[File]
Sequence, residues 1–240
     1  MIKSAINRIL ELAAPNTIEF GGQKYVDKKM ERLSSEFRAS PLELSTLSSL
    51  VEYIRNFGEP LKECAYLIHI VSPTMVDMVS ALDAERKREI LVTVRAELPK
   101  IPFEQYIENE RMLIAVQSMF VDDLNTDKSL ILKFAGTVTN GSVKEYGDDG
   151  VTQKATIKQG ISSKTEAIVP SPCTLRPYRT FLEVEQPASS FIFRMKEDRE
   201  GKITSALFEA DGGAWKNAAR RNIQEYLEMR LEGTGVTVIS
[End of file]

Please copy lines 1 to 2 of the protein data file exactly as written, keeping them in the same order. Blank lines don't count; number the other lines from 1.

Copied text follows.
Sequence, residues 1–240
     1  MIKSAINRIL ELAAPNTIEF GGQKYVDKKM ERLSSEFRAS PLELSTLSSL